Does it make any difference if the ‘fire’ or ‘conflict’, is for the so-called ‘bad people’ rather than the so-called ‘good people? Or can the ‘good news’ itself be a lure to see the inadequacy of our ways, whatever they are, and change them? Continuing the questions of Susan Nelson, fellow process theologian Rick Marshall, asks: “Why do many Christians, pastors, and churches support the use of violence?” Why indeed!  Marshall goes on: “… is it that the King of Peace is not as appealing as a King of War who uses coercion and violence, revenge and retribution to do God’s will?  Maybe the image of Jesus the Messiah embodying persuasive power is not ‘strong enough.’ I and John D Caputo seem to agree here and suggest that the problem might be with the so called ‘strong omnipotent interventionist, in control, God to start with and the weak God that is found in the ‘perhaps’ or the ‘almost’, the ‘yet to be’ and ‘uncompleted’ God might be an approach free of the dangers of extremism and the apathy inherent in the moderate approach. Being confident of God as a weak vulnerable God cannot be a perpetrator of violence. Or can it given the defensiveness of Christian factions bound to supernaturalism and literalism in a fear of extinction.

And then we move to the important issue of ‘power’: “The fundamental issue here is raised by the question: What kind of power does God have?  Is it coercive and manipulative, or persuasive and loving? Is it punitive or rehabilitative? Does it generate compassion or a need for survival? Is it like imposed social engineering and thus coercive or is it an enticing invitation to participate? Another, important question is this: What kind of power should the church emulate, embody, and deploy in service of the Kingdom of God?  Another question: What does it mean to win or conquer?” .(RMarshall.P&Fweb site,8/2010)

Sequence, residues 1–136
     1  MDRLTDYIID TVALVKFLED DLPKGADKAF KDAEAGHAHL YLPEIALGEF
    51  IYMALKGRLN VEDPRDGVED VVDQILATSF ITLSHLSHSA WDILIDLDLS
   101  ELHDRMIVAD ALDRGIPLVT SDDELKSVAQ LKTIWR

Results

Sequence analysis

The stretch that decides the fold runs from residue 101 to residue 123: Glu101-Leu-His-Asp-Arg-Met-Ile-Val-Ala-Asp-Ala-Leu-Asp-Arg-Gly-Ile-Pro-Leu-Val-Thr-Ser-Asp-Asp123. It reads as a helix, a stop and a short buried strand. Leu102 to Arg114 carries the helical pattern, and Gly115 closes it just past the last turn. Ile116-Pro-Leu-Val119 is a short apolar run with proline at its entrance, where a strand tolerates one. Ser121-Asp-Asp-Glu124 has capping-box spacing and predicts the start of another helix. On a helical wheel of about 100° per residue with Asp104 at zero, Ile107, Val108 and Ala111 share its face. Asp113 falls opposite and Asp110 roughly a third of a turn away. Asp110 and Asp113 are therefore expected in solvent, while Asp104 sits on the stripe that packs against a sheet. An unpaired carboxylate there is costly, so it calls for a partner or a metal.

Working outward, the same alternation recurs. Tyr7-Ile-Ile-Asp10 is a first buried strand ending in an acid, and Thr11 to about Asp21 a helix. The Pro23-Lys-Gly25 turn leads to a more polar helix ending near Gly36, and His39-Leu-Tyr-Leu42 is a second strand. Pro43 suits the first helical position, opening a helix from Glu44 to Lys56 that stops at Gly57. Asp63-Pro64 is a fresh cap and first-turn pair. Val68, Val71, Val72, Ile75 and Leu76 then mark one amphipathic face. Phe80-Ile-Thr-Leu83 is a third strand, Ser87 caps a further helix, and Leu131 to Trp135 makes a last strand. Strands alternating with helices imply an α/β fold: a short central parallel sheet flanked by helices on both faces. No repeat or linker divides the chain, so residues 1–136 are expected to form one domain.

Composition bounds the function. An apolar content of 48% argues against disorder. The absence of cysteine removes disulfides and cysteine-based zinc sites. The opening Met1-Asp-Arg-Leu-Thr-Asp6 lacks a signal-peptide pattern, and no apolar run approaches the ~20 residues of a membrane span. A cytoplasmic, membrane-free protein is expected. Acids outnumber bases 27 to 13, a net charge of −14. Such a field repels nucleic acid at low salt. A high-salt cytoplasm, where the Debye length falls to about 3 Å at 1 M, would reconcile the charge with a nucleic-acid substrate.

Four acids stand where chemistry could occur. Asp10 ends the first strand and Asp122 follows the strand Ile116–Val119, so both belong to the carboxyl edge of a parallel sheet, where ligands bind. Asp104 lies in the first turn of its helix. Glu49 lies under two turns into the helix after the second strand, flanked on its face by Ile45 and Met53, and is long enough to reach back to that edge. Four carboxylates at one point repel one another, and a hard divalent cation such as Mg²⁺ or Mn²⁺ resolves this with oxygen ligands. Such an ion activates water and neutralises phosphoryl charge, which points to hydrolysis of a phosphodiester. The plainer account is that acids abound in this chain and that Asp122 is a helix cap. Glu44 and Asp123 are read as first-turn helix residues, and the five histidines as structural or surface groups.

We don’t need to be university historians to know of the triumphal Christian church behind Constantine’s sword “the bloody Crusades in which Roman Catholics slaughtered Orthodox Christians and Jews as well as Muslims, and the use of Christian just war doctrine to rationalize countless conflagrations, including [politicians] justifications of the war in Iraq” (McLennan 2009:115-16).

So how can we hear the words of Luke’s Jesus, today. Perhaps a couple of suggestions.

Like my response to a question about different Christian denominations recently, firstly, we need to hear them in context. And that context seems to have been an expectation, wrongly, that the world was coming to an imminent end.

So, people were required to live ‘in the proper way’ even when parents or friends or one’s spouse may have held a different religious orientation. Second, we need to hear these words within the dominant Jesus message, usually summed up in what we now call the Sermon on the Mount. Third, we can listen to the critics of religion.  And listen well

Sam Harris says there is ‘good religion’.  He writes: “We must find ways to invoke the power of ritual and to mark those transitions in every human life that demand profundity – birth, marriage, death – without lying to ourselves about the nature of reality…  Jesus and the Buddha weren’t talking nonsense when they spoke about our capacity as human beings to transform our lives in rare and beautiful ways.” (Harris 2006:88, 90).